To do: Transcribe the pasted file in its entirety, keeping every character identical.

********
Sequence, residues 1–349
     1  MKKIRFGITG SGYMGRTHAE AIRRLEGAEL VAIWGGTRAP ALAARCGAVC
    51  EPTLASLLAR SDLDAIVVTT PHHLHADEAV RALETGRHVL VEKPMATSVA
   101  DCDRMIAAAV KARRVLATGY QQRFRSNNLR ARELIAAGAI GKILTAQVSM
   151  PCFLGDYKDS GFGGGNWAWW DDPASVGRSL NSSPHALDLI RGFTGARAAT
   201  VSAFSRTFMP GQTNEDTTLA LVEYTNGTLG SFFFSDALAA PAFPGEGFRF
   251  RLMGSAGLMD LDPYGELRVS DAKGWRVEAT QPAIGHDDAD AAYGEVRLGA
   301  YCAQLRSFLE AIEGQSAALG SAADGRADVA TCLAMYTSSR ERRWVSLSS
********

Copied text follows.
Sequence, residues 1–349
     1  MKKIRFGITG SGYMGRTHAE AIRRLEGAEL VAIWGGTRAP ALAARCGAVC
    51  EPTLASLLAR SDLDAIVVTT PHHLHADEAV RALETGRHVL VEKPMATSVA
   101  DCDRMIAAAV KARRVLATGY QQRFRSNNLR ARELIAAGAI GKILTAQVSM
   151  PCFLGDYKDS GFGGGNWAWW DDPASVGRSL NSSPHALDLI RGFTGARAAT
   201  VSAFSRTFMP GQTNEDTTLA LVEYTNGTLG SFFFSDALAA PAFPGEGFRF
   251  RLMGSAGLMD LDPYGELRVS DAKGWRVEAT QPAIGHDDAD AAYGEVRLGA
   301  YCAQLRSFLE AIEGQSAALG SAADGRADVA TCLAMYTSSR ERRWVSLSS